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Lack of water supply affects more than half SI’s population

Teachers and students of Bishop Koete RTC with officials from ACOM and DFAT. This photo was taken during ACOM and DFAT’s visit to the school last week

ACCESS to water supply is an issue that affects more than half of the country’s population.

Most communities are still depending on wells and traditional water supply on a daily basis for water for cooking, washing and drinking.

Report highlights that few communities in Russell Islands, Savo Island, Isabel, Gela and also few communities on the Guadalcanal Plains are depending on wells and traditional water supply.

Bishop Koete Rural Training Centre in Gela, Central Province is one among the communities that are affected by poor water supply.

The Centre, which accommodates over 150 students and 12 staff, has survived with a traditional water supply – a system ingenuously made out of bamboo pipes to bring water closer to the school.

In an interview with Island Sun, School Chaplain Fr John Vasuni said students and teachers are depending on two water tanks and the water supply as source of water.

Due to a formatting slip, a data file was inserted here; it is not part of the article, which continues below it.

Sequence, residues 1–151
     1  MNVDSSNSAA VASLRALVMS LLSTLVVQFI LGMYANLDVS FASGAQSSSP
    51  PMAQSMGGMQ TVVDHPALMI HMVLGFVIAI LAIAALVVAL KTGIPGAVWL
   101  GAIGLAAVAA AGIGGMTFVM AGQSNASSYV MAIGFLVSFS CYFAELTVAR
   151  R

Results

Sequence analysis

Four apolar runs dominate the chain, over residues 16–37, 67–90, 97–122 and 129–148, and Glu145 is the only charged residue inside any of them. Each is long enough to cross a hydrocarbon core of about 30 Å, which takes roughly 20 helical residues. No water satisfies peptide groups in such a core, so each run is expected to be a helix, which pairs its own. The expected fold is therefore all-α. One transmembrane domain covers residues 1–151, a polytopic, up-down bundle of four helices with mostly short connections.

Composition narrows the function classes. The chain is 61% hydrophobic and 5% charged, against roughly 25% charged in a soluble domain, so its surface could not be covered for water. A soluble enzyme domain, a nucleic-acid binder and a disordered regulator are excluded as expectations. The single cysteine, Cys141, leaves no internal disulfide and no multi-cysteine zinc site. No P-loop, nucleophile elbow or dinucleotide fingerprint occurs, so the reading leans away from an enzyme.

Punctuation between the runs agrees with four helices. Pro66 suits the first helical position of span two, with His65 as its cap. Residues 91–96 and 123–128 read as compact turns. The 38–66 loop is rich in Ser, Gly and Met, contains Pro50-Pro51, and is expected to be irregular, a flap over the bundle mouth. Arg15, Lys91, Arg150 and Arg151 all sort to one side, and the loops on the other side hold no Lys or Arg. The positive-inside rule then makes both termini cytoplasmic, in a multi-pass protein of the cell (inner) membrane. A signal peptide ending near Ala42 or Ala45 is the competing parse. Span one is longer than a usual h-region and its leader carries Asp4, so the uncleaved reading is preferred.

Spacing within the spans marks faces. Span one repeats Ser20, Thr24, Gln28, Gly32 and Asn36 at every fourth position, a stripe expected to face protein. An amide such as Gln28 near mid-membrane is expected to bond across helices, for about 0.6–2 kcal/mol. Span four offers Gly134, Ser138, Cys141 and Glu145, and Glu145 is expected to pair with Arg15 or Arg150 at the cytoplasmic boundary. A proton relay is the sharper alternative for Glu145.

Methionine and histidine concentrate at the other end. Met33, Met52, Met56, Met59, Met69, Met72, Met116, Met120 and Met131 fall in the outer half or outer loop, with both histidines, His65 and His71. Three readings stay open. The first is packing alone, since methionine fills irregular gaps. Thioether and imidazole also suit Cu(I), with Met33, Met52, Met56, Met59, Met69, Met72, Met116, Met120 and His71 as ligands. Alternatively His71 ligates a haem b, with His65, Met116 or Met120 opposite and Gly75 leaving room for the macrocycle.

But, he said the two systems are not reliable given that the systems fail during rainy and dry seasons.

Fr Vasuni said a solution to Bishop Koete RTC water problem is to establish a bore-hole water system where water can be pumped up from underground and stored on a storage tank before supplying to the main campus.

“I made this suggestion because the only stream close to this school normally dried out when there is a longer dry season.

“In addition, the stream we depend on normally dried out during dry season.

“This, I think the best way is to establish a bore-hole water system, because I believe there is running water beneath this ground,” he explained.

Fr Vasuni continues to say that the issue of water also contributes to poor sanitation.

Nurse in-charge of St Clare mini-hospital also shared similar sentiment.

Speaking to this paper, Mr Dean Siro said water is the biggest challenge that the hospital faces.

He said the existing water supply is not reliable and that the mini-hospital at times locks out their toilets from sick patients due to lack of water.

Mr Siro said St Clare is in dire need of a proper water supply.

Both institutions are expressing their need for assistance from the government as well as donor partners.






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